I love it because you could just be yourself; it’s amazing.
. . . regarding the self-esteem and body image thing, like before I wouldn’t wear certain clothes because I felt they made me look fat, and I didn’t look like the girls in the magazines and I didn’t look all pretty like that. And now I can, I feel like I can wear whatever I want, especially to group, and it’s like, ahh . .
Several girls mentioned the need for girls groups to be culturally relevant, or to include facilitators who are aware of specific cultural differences and issues.
Joining a girl group does have something to do with – of like it being all females, because it gives you that sense of like sisterhood, which a lot of Somali girls are lacking.
I’m going to add that the importance of girls group is going to be like the cultural specific, the understanding. Like you can go to any girls group at the [named agency], but if they don’t understand the cultural background you come from, it’s going to be hard to get your information.
We always have to look at things from the cultural perspective, the religious perspective and then from your own family and your language, and then where do you stand? So it’s like every time you’re in a girl group somebody has to be aware of that, because you can give me advice but if it violates the culture, what happens?
Girls felt that the girls-only format of groups enabled them to freely share what they are experiencing as girls, create bonds with other girls, and experience a sense of empowerment with being a girl
Like with girls it’s just like we just chill and we can talk about like almost anything you know, and you just feel more comfortable.
It was people that I already grew up and I already knew, and no boys, so I was more comfortable in coming in a t-shirt and just being okay.
It’s basically that sisterhood or that like the feeling of belonging to something other than your family
Many girls reported that they valued the experience of having a safe and confidential space to share their experiences with other girls.
I think it’s great that were like, everyone is seen making their own way and yet we’re – all have same opinions and different opinions at the same time.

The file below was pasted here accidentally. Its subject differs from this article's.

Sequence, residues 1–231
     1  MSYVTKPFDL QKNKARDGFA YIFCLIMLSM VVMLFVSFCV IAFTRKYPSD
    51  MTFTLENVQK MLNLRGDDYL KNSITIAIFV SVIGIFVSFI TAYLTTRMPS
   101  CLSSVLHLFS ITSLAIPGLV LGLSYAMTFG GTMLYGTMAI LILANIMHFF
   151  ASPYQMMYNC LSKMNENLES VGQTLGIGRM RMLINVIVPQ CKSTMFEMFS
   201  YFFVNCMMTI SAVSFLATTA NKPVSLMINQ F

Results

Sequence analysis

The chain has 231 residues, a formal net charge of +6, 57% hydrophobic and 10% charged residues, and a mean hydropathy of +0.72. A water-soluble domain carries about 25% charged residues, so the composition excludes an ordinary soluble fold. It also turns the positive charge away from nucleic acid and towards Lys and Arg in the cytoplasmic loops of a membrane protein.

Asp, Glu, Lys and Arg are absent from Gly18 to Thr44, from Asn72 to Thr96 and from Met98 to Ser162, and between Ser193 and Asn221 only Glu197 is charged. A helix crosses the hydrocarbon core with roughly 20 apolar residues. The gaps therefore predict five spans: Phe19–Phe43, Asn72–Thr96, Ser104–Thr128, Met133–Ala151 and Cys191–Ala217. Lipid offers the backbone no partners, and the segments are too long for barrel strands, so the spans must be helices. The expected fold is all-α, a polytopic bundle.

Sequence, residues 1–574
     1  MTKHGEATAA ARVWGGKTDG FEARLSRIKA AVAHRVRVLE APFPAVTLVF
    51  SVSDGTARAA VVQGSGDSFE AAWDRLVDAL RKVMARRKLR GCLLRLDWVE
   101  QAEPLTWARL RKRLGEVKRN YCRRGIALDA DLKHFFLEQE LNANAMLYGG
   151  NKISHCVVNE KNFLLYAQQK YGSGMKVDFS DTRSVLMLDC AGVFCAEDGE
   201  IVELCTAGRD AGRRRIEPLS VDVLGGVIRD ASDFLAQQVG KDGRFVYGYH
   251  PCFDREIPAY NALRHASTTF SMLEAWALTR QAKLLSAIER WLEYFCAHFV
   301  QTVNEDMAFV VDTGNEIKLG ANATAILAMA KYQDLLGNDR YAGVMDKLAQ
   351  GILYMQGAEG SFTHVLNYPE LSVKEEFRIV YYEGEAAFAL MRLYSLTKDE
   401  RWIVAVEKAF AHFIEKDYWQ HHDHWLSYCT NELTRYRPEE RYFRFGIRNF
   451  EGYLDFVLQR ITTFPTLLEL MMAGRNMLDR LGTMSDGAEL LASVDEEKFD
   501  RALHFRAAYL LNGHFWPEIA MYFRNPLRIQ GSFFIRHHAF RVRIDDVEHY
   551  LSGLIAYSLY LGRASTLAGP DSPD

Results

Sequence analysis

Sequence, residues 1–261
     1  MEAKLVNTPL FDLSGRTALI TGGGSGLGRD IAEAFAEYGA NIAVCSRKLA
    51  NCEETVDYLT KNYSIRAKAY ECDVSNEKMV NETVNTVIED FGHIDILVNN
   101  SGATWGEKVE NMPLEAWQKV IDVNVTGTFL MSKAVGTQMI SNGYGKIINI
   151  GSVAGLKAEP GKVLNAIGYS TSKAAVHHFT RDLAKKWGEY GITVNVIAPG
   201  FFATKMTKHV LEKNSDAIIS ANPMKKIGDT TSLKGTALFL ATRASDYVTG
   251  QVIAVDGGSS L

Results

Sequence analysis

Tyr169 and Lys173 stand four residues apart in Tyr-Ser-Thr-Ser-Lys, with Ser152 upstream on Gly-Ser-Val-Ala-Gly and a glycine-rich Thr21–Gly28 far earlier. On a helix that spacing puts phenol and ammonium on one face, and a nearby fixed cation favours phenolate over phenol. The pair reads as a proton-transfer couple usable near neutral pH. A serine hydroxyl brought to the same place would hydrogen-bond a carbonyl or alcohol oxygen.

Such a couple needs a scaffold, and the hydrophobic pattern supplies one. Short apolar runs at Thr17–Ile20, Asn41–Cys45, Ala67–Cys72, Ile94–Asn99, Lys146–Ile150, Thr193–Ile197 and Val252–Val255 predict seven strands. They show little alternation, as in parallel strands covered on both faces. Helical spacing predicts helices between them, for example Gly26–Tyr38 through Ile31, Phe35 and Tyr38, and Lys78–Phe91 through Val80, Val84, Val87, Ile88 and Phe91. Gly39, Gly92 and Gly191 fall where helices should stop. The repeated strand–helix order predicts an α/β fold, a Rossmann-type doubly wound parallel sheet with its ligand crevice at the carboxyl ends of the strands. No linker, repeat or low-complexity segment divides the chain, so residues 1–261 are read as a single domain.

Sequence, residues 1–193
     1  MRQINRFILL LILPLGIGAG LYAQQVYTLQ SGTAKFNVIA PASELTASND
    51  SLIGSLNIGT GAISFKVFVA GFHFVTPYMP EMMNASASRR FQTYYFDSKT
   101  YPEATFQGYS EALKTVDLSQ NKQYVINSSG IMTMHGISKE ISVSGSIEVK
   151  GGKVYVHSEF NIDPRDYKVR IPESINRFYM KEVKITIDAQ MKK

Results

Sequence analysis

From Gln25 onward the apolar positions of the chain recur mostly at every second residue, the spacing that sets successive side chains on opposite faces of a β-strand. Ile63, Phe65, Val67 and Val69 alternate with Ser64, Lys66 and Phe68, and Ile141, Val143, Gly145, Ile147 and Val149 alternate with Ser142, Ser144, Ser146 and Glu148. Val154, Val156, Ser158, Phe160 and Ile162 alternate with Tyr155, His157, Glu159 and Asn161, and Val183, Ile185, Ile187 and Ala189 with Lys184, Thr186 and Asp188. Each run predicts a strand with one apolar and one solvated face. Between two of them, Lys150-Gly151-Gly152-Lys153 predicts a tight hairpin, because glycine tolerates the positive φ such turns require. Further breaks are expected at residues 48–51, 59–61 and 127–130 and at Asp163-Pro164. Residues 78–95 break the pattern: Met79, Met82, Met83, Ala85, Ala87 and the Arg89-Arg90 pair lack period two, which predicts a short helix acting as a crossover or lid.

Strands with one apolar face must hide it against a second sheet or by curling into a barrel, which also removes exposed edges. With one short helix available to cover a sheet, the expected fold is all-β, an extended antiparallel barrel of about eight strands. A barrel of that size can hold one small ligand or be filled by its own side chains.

Because like I’ve been dealing with a whole bunch of stuff and it’s like, it’s kind of like nice to talk to people about it and you know you can trust them, the confidentiality, and I like having like that trust, that’s why.
It’s very helpful and you can like pretty much just talk about whatever the heck you want to and without being judged, and just, you can, don’t have to be afraid of anything like leaving here . . .
And the main feeling I like about this is just definitely the confidentiality and a feeling of like we’re not just a bunch of different girls coming together to just talk about problems, but we’re, it’s almost like becoming like a family in a way.
Girls reported learning about new tools or resources available to them, as well as problem solving skills, through their participation in the girls groups. Some girls said they felt more independent because of the skills they had learned in the groups.
I go to the library now. I get my books from there, I get, I do research and all that.
Like knowing that there’s all sort of problems and knowing different ways to figure it out, like being able to fix it besides like just trying to figure it out on your own.
I just know what to do now. I can, I’m kind of independent. I know what I have to think about so I can go anywhere basically. I was, I couldn’t do that; at the beginning of this program I didn’t know how to take the bus.